Baird Scores $5-Million Mega-team from Wells Fargo
One of Wells Fargo Advisors longest-serving and highest-producing teams joined Robert W. Baird on Thursday, opening the Milwaukee-based firm’s first outpost in Alaska.
Led by Margaret “Maggie” Price, the nine members of The Planning Group of the Northwest had been overseeing more than $1 billion for individual clients, families and small pension funds at Wells, a Baird spokeswoman confirmed. The team, whose senior partners also include advisors Sarah Springer and Grant Shearer, has generated about $5.2 million of commissions and fees for Wells Fargo in the past 12 months, according to two people familiar with their practice.
Price, who along with her recently retired partner Wayne Pichon have been ranked at or near the top of Alaska’s and some national Top Broker polls by Barron’s and other publications for several years, did not immediately return a call for comment on their decision to leave Wells and join Baird, which is not known as an aggressive recruiting firm.
“Baird has historically been the lowest recruiting bonus on the Street, some people would say by a factor of a third,” said Steve Binder, a managing director who runs the firm’s Colorado region that will now include Alaska. “We made no special deals, but I’ve known some of the principals for years and it boiled down to us trusting each other. They didn’t come for the package.”
He described the team’s due diligence as breathtaking. “They are very smart and didn’t leave a stone unturned” regarding vetting of Baird’s technology, product platform and its commitment to their practice, he said. “The big issue for them was culture, including the fact that this firm has an excellent reputation.”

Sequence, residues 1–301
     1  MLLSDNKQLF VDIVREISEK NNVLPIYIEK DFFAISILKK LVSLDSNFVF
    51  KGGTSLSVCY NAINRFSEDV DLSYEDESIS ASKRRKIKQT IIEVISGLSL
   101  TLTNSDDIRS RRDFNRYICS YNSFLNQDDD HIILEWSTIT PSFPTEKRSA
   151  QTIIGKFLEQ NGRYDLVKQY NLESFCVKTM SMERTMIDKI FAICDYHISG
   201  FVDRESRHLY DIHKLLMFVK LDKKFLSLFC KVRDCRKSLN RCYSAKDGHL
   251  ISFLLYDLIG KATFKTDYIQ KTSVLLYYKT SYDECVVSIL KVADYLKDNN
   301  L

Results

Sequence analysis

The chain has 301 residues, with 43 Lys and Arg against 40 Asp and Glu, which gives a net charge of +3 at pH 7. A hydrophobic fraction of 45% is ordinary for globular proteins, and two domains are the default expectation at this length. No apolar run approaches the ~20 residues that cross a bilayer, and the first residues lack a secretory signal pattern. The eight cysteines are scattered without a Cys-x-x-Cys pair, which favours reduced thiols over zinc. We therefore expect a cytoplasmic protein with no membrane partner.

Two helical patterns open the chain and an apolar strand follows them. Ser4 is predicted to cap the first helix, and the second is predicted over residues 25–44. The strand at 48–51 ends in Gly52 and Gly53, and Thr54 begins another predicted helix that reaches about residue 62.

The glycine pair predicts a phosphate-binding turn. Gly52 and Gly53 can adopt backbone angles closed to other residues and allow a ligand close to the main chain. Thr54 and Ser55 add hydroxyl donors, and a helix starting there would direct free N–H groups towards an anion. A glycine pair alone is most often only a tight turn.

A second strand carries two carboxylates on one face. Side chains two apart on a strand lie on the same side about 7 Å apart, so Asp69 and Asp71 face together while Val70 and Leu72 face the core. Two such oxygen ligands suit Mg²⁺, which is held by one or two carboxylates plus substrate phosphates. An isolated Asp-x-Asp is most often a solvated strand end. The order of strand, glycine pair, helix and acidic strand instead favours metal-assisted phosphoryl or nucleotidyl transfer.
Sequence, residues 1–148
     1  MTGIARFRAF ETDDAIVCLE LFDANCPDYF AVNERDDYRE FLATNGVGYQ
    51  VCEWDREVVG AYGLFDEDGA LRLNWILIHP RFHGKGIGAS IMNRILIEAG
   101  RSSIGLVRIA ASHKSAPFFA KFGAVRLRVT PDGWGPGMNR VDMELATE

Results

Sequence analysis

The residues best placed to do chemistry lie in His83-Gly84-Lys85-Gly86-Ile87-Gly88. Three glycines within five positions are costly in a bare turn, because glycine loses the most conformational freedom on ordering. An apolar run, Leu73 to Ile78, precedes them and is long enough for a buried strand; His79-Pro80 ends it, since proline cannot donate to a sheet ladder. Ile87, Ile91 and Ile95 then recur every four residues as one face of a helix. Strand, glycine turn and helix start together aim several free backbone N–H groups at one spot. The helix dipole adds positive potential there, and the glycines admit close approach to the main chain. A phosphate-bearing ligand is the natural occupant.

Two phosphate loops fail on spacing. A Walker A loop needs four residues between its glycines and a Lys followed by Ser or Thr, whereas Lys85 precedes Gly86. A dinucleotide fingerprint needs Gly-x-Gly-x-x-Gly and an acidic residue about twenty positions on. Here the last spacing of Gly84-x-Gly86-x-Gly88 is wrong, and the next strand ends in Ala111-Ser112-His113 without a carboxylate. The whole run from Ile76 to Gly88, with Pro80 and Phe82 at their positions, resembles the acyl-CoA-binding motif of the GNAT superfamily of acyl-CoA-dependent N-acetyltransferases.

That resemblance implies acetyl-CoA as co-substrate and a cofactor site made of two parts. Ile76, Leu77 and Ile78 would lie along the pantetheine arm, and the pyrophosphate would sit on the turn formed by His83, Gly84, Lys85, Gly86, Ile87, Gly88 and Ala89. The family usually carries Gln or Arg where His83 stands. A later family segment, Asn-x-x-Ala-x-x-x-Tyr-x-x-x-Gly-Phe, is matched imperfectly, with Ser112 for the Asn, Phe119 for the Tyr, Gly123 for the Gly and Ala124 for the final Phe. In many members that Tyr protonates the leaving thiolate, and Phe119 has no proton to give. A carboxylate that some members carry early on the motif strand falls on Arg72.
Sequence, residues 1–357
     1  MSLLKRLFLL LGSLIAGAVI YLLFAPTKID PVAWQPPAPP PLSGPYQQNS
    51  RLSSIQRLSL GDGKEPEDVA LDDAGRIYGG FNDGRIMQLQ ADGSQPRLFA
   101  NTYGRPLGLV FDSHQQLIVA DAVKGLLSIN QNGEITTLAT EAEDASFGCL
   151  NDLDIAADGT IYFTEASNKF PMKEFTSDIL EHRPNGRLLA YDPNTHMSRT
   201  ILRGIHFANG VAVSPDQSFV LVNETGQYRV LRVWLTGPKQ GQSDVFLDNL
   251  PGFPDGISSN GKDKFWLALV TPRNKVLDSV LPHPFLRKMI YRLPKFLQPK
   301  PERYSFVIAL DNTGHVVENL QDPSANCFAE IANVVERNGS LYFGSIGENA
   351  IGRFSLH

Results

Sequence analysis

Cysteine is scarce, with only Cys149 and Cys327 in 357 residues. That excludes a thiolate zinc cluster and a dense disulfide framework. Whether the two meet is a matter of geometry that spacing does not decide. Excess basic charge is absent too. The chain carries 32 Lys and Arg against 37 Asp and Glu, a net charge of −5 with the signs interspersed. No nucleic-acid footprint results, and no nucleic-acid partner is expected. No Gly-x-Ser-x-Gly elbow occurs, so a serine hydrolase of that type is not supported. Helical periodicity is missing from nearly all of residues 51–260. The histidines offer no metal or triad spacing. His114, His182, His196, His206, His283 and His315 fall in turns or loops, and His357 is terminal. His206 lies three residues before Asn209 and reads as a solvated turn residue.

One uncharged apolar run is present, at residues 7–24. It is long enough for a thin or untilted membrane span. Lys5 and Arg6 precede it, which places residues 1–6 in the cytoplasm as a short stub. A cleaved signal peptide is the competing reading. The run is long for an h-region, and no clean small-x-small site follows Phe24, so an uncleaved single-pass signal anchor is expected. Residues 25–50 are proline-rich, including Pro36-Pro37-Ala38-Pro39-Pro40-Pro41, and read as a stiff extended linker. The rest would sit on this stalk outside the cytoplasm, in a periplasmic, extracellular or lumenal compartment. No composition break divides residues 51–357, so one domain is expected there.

Some veteran Wells advisors have said that the company’s consumer banking account scandals that have captured national headlines for the past year have disturbed some wealth management customers. The Alaska team was particularly concerned with what they felt was growing intrusions by compliance and legal staff on their daily activities in servicing clients, said people familiar with their practice.
A Wells spokeswoman declined to comment.
In a sign of Baird’s enthusiasm about the new hires, Baird’s Private Wealth Management President Michael Schroeder and its chief operating officer Scott Falk flew to Alaska to welcome the team, Binder said.
Baird, an employee-owned firm, has about 860 brokers in 83 offices, primarily in the Midwest.
The Alaska team’s move occurred a few hours before Wells plans to announce its 2018 compensation plan for its private client group brokers. Based on their production and other criteria, the team would likely have qualified for Wells Advisors’ decision to allow top brokers to be retain 50% of all commissions and fees they produce without having to meet a monthly production hurdle.